In other words: Entrepreneur = Marketer = Content creator
Got it? Embrace it!
And if you're new to launching and no one's told you—launching typically requires you to generate a huge amount of content in very little time.
A good launch plan will outline what content to publish when. Once you know what content you need, use the teaser period to get a head start on content creation.
No two launches are the same, but here's a condensed version of content you'll likely have to create at some point during your launch:
- Email sequences
- Blog articles
- Video scripts
- Webinar invites
- Sales pages
- Social media posts
- … and more!
My aim isn't to scare or discourage you. I say it so you can set your expectations, energy and timeline accordingly.Truth Bomb: Entrepreneur = Marketer = Content creator. Embrace it! Click To Tweet
Build & Nurture
Building an email list is an ongoing task for online entrepreneurs.
When you've got a launch coming up, use the teaser period to build your general email list. (Your launch “interest list” comes later, which I'll explain in another post.)
Have you fallen off the email marketing wagon?
No worries. Start now. Reconnect with (aka nurture) your people regularly. Give them value and they'll eagerly await your messages.
What if your subscriber list is small, inactive or nonexistent?
If email is an essential part of your launch, focus on list-building activities from the get-go.
If email is not essential to the success of your launch, spend your resources where they'll have the greatest impact.If email is essential to the success of your launch, focus on list-building activities from the get-go Click To Tweet
Is That All?
I've given you the three most common launch prep activities to focus on during the teaser period.
Maybe they don't all apply to your business, your style or your personality. That's cool. Do what works for you.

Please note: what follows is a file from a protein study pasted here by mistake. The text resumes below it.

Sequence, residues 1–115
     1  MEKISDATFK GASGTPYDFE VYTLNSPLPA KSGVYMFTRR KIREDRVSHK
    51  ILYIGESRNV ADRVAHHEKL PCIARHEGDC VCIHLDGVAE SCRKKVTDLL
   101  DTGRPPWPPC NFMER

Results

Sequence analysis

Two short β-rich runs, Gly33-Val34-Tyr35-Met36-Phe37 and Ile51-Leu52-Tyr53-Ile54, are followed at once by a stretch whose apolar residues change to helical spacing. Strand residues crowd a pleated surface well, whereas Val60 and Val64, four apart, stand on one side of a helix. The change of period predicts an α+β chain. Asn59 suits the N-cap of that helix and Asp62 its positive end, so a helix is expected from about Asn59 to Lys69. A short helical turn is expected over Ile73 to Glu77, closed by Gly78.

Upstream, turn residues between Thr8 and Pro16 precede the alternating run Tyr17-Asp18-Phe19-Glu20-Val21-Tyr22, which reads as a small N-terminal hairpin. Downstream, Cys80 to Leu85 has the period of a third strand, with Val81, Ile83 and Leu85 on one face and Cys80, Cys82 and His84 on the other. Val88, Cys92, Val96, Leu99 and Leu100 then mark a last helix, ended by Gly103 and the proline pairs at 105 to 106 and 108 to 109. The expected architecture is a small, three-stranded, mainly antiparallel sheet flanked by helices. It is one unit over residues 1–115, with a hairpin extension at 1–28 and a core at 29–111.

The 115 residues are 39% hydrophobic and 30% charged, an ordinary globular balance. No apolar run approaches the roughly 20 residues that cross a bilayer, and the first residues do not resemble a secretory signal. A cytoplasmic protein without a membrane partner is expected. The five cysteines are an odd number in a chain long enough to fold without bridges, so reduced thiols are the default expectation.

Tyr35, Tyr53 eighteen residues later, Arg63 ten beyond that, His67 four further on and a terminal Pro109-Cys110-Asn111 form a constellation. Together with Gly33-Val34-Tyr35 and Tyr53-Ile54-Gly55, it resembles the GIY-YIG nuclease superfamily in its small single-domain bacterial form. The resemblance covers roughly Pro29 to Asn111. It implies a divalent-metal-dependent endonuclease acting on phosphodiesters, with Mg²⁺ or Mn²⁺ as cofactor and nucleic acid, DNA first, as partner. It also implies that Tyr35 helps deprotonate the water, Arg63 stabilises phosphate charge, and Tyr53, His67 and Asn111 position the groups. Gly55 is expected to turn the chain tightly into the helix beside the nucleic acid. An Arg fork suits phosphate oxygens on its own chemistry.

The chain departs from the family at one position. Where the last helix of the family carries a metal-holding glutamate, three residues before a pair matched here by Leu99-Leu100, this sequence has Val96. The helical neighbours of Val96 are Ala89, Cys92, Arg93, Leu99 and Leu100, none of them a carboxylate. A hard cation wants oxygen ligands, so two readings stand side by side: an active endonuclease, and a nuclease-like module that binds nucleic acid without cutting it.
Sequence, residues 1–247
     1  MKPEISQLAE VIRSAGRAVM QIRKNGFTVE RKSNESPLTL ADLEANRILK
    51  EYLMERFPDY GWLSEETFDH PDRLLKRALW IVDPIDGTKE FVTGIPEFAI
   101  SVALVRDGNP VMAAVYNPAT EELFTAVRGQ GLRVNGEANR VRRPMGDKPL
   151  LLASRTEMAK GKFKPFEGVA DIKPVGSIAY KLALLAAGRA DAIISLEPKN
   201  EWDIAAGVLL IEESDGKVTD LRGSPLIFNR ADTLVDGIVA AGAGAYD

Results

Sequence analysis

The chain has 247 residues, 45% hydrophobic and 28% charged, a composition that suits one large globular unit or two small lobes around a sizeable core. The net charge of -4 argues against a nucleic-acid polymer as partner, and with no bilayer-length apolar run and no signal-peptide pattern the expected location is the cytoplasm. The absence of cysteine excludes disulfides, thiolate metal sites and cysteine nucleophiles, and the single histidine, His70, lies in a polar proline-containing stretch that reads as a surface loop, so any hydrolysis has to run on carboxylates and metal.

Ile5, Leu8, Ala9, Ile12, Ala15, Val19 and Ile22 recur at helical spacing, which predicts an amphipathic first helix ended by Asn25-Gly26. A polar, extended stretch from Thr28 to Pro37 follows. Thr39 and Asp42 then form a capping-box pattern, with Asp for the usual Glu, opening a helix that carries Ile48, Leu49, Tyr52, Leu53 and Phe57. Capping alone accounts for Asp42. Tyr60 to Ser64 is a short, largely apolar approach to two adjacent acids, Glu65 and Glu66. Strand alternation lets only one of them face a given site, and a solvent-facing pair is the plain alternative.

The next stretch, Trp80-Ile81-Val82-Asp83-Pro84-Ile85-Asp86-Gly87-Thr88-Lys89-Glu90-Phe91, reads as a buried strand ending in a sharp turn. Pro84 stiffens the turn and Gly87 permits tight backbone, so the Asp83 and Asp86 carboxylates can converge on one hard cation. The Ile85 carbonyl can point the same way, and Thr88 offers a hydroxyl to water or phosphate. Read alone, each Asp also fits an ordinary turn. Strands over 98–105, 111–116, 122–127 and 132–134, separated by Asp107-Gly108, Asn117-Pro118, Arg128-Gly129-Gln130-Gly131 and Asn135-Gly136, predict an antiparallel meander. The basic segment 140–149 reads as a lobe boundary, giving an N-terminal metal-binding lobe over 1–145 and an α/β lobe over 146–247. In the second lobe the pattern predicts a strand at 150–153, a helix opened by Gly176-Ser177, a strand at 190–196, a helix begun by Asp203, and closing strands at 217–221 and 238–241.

Here are a few more ways to make good use of the teaser phase, increasing your chance of a successful launch.
Look through each point, and choose the best one(s) for your launch plan.
This is time to find out if your offer (the thing you're launching) is on the right track or not. Survey, poll, quiz, research, ask your target audience.
If you missed the mark on anything, you have time to make adjustments or pivot.
Start showing off what you know about your topic. But keep your upcoming launch under wraps (for now).
It's not a secret. Once you're in full-out launch mode there's no room on your plate to pursue “extras.”
You know what I'm talking about!
The “calmer” teaser period allows you time to purposefully search out targeted exposure.
Get On the Radar
In business you need people who are on your side—supporters, partners, cheerleaders.
They may never buy anything, but they can confidently recommend your stuff to others.
An entrepreneur understands the importance of continuously building relationships. Obviously, this happens well BEFORE launch time.
Use the teaser period to:
- renew or cultivate existing relationships
- make new connections
- engage meaningfully with your champions
If nothing else, those few extra weeks give you a bit of breathing space before going into full-out launch mode.Try any one of these activities to increase your chance of a successful launch. Click To Tweet
Here's your teaser strategy in a nutshell:
- plan & execute
- grow & connect
- create & publish
The teaser period is an ideal time to create your launch plan, refine your offer and get some heavy lifting out of the way.
Remember, the teaser period is not yet the time to announce your launch. (It's our little secret.)
Have I convinced you to add a teaser period to your next launch plan?@CristinaFavreau has convinced me to do this ONE thing before my next launch Click To Tweet
Let me know in the comments!
In the next article, you'll get my epic list of pre-launch content ideas (‘cuz that's when the rubber hits the road).
* In my not-so-very humble opinion